• Agencies: don’t create joint Google Analytics accounts for customers
If you work in a digital agency, there is a strong temptation to measure the performance of the client sites you work on. You *will* be tempted to measure multiple client sites with the same agency account in Google Analytics. Unfortunately, there will come a time when said client will want to part ways or gain administrative access to their data. Tensions ensue and customers end up creating their own Google Analytics account, re-tag their entire website and start from scratch with empty reports. To ensure smooth tracking, the best practice is to have the client create their own account and then ask them to delegate access rights for you to work the account as an agency.
• Don’t forget to add tracking code to new site content!
A common mistake is to assume that new content will be auto-magically tracked by Google Analytics. While most content management systems will allow you to consistently include the Google Analytics tracking code, tactical landing pages – for instance – usually need to be created quickly. Tagging is often forgotten so make sure you use even basic tracking code in your page code. Remember that data collection is not retroactive so make sure your tagging is in place before your site launches!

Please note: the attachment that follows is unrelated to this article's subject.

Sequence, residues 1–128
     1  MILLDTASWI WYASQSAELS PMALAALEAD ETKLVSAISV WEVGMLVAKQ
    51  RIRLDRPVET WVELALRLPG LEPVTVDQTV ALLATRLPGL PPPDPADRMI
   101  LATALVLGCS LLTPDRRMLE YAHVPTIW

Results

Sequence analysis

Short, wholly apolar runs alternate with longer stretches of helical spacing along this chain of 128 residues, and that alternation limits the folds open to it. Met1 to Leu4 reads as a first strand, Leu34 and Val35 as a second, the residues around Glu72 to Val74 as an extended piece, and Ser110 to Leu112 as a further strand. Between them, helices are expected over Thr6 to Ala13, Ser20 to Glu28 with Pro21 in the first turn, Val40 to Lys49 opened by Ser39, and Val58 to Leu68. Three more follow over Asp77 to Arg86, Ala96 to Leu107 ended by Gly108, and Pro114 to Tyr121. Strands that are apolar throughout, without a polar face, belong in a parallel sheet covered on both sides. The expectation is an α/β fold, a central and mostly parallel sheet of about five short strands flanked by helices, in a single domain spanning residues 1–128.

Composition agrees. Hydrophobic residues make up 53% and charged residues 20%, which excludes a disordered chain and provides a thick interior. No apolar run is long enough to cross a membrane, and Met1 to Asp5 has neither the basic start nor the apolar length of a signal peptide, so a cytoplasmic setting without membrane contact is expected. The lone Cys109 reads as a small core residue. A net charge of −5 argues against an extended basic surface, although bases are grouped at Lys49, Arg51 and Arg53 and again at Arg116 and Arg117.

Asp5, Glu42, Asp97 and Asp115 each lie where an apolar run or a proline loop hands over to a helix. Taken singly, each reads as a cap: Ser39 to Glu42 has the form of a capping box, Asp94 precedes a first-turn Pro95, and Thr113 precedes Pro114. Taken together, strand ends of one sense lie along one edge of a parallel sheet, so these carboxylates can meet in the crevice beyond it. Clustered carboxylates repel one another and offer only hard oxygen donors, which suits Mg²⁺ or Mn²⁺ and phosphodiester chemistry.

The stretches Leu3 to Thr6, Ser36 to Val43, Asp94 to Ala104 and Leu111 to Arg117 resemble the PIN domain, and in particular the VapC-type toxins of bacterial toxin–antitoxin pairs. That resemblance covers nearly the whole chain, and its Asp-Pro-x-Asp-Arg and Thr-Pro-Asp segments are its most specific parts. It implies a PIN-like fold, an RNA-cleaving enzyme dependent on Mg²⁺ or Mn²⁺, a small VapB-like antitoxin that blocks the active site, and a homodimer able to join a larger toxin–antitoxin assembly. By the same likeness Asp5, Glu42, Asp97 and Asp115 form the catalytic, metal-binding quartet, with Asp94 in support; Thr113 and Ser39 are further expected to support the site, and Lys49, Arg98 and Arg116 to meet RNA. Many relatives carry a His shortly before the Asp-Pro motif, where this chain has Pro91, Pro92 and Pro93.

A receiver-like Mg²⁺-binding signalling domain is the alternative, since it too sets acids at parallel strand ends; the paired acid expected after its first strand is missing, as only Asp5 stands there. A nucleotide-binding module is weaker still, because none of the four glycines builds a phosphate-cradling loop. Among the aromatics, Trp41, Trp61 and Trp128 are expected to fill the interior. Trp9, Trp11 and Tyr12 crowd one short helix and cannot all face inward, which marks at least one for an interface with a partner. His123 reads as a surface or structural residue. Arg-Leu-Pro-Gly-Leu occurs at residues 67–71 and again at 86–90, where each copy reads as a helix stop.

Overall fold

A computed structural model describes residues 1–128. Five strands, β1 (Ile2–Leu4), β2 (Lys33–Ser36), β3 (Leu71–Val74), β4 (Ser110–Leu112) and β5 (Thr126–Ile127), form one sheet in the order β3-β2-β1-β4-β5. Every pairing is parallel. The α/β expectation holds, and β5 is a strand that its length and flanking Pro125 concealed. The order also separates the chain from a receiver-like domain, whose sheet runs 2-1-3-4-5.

Using Google Tag Manager is recommended to ensure smooth tracking.
• Make sure you use the right tracking code!
When you create your Google Analytics account, you receive a tracking number which can look like the following: UA-1234567-1
The “1234567” part of this ID is your account number. The “-1” part is your property (website or app) reporting database. This number, when found in your pages’ tracking code tells Google Analytics in which database to store the page, session and user data.
If you use the wrong tracking ID, you send data to the wrong property and as a result, your reports will be affected by “holes” in the graphs and tables.
If for some reason you want to use another property (for a development version of the website for instance) make sure you use the production (“live”) property ID.